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Low-Fat Diets Have No Advantage? That Is Patently False.

I just saw this. It’s an excerpt from “Vegan Nutrition Guide” where the author encourages consumption of fat-rich foods and high-fat diets overall. It was written by Virginia Messina, MPH, RD, who runs the popular website:

Don’t hesitate to include other fat-rich foods in your diet, too, if you like them. Low-fat diets are based on an outdated understanding of nutrition that’s been largely discredited. Current recommendations support a wide range of fat intakes for good health, anywhere from 20 to 35 percent of daily calories. (This translates to 22 to 39 grams of fat for every 1,000 calories you eat.) What matters most isn’t how much fat you consume, but rather the type of fat you choose.

There’s something that’s not being said in this. Messina used to advocate low-fat. And, no, low-fat diets have not lost favor, they are not “outdated,” they have not been “discredited.” These words, without any back-up, are a red flag. “Discredit” implies that original research was seriously flawed or biased, enough that publishers retract or unpublish the work. I have not seen retraction in this context. “Outdated” implies that newer science favors higher-fat diets. That’s also not the case. I’ve posted study after study that finds benefit to eating low-fat. Here’s one:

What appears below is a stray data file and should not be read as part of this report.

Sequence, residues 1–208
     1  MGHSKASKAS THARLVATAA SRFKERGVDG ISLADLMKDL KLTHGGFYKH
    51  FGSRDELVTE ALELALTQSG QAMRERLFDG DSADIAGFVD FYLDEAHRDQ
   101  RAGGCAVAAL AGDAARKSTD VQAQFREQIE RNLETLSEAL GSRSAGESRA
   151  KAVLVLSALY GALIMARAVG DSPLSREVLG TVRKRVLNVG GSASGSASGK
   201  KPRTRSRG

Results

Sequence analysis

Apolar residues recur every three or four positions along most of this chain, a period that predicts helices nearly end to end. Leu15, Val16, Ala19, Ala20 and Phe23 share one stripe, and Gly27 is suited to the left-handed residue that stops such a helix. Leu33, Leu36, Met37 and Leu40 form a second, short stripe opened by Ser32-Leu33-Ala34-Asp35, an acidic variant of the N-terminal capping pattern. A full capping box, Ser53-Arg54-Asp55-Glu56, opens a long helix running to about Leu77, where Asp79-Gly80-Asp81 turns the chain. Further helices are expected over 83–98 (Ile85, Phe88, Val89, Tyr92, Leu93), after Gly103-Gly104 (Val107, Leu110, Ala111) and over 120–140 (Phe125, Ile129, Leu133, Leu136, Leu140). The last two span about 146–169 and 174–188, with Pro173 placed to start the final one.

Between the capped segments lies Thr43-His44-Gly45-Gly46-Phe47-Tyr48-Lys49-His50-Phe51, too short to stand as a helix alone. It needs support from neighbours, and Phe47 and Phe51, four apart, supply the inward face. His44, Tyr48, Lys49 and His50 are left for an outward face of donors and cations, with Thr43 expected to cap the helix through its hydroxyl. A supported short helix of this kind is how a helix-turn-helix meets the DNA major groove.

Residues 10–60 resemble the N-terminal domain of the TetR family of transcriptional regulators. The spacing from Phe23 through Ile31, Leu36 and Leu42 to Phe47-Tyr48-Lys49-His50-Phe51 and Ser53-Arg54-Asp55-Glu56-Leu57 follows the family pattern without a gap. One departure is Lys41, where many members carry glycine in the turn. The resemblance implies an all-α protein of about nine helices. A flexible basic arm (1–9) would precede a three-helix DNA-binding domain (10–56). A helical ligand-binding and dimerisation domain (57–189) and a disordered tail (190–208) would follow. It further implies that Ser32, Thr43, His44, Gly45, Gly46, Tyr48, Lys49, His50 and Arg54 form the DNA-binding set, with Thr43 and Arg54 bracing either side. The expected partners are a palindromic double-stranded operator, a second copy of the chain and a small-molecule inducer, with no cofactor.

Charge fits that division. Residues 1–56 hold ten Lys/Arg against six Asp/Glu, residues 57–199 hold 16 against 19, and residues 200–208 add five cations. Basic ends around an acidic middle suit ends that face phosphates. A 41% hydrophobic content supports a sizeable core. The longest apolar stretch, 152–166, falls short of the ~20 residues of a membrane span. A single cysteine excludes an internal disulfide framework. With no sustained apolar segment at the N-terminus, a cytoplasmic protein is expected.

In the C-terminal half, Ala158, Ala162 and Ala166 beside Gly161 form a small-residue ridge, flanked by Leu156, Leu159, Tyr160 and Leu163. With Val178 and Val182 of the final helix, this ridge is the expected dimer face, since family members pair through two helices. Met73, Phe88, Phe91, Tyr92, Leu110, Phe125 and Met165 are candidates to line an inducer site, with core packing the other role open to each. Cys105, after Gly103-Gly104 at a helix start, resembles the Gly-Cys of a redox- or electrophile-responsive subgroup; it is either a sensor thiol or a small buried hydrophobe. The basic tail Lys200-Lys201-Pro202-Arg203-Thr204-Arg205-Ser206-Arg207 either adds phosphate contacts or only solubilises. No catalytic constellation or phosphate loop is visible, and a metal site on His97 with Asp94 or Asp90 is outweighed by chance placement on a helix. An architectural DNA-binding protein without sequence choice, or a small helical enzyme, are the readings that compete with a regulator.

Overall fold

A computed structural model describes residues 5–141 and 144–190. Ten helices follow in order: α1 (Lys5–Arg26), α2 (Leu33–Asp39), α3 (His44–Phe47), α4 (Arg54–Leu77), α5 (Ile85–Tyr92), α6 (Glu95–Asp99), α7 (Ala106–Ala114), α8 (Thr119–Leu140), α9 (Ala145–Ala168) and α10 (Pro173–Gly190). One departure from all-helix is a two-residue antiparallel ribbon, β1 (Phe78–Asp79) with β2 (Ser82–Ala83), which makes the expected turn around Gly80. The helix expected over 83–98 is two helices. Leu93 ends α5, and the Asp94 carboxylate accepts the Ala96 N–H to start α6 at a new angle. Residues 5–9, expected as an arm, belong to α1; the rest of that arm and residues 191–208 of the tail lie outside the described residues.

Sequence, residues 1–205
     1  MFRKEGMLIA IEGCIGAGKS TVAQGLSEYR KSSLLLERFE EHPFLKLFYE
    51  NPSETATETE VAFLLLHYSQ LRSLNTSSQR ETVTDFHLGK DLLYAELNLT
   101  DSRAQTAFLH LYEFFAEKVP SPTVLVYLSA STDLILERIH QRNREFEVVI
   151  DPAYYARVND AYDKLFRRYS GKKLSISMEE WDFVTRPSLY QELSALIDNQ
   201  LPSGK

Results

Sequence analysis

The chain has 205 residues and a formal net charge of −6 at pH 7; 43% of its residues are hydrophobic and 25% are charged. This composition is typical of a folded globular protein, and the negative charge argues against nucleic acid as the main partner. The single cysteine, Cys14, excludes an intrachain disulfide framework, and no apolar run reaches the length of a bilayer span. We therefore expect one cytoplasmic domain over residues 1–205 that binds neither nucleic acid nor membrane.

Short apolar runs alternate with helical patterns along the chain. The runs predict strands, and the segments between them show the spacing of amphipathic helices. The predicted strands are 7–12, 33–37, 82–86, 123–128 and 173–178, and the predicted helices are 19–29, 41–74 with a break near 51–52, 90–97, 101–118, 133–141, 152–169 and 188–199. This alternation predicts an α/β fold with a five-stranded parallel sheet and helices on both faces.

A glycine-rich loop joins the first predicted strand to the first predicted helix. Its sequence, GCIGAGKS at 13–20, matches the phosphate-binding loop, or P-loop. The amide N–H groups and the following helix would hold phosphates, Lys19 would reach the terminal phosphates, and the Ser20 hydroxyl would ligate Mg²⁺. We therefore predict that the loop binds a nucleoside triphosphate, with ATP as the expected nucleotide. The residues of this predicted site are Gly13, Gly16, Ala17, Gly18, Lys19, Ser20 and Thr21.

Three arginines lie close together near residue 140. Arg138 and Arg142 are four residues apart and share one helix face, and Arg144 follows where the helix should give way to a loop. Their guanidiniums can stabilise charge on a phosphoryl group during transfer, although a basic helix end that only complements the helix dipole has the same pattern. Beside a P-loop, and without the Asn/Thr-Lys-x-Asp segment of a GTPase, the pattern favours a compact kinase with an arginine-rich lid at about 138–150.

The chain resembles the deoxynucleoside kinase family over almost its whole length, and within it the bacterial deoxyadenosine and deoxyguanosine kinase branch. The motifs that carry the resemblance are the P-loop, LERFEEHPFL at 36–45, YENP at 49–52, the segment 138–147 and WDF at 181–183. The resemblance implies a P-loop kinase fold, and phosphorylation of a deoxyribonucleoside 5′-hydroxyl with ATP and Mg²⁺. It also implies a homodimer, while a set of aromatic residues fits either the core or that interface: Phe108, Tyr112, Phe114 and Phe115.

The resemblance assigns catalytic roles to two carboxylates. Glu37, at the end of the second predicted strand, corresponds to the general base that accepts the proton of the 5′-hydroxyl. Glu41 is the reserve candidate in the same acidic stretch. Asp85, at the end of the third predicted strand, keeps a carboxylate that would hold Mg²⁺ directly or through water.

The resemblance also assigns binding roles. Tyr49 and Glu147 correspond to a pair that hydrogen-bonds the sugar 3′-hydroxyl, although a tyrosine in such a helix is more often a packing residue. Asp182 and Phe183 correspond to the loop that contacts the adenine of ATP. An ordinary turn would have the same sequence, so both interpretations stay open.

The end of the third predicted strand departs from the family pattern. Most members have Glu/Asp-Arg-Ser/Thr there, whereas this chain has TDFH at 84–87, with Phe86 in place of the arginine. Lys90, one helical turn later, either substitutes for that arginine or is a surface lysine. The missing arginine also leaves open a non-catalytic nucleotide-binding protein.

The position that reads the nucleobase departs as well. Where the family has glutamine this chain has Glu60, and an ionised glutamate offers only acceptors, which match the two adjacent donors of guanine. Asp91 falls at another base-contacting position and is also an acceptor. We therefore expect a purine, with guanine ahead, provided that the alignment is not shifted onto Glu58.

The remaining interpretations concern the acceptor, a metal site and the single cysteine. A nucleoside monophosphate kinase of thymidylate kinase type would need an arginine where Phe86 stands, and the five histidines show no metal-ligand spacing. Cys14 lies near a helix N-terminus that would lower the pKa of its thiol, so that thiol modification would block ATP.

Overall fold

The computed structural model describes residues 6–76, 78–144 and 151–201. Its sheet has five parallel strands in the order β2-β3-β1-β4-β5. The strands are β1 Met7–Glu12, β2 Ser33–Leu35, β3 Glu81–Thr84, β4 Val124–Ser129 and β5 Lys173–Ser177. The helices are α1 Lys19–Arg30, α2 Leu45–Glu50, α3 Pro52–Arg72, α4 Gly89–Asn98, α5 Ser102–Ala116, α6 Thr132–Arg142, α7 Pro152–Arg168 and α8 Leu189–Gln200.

Obesity Energetics: Body Weight Regulation And The Effects Of Diet Composition, Gastroenterology, Online 10 Feb 2017

Our meta-analysis of 32 controlled feeding studies with isocaloric substitution of carbohydrate for fat found that both energy expenditure and fat loss were greater with lower fat diets.

It also said:

These results are in the opposite direction to the predictions of the carbohydrate-insulin model.

The carbohydrate-insulin model predicts that the more carb we eat, the more insulin we will secrete – and since insulin directs fat-storage, the more fat we will accumulate. This study found the opposite. It’s not carbs that make us fat, it’s fat that makes us fat. This is what Dr. McDougall has been saying all along, “The fat you eat is the fat you wear.”

It’s worth noting that the lead author on that study, Kevin Hall PhD, may have gone into it with an expectation that high-fat diets were beneficial. He lists “funding from the Nutrition Science Initiative (NuSI) to investigate the effects of ketogenic diets on human energy expenditure.” Ketogentic diets are low-carb, high-fat diets. NuSI is Gary Taubes’ well-funded initiative that I wrote about here: Gary Taubes Is A Low-Carb Advocate. His Multimillion-Dollar Start-Up, NuSI, Found Low-Carb Diets Don’t Work. NuSI lauds itself by claiming its studies are “more rigorous than all of the nutrition research conducted to date.”

So, something happened in Ginny Messina’s life that made her start advocating dietary fat, and it wasn’t science, as she claims:

Based on the extensive research on the health benefits of different unsaturated fats, it’s very difficult to conclude that low-fat diets would have any particular advantage. … Most of us who used to promote benefits of low-fat eating are headed in a new direction as we follow the science.

Low-fat diets have no advantage? That is patently false.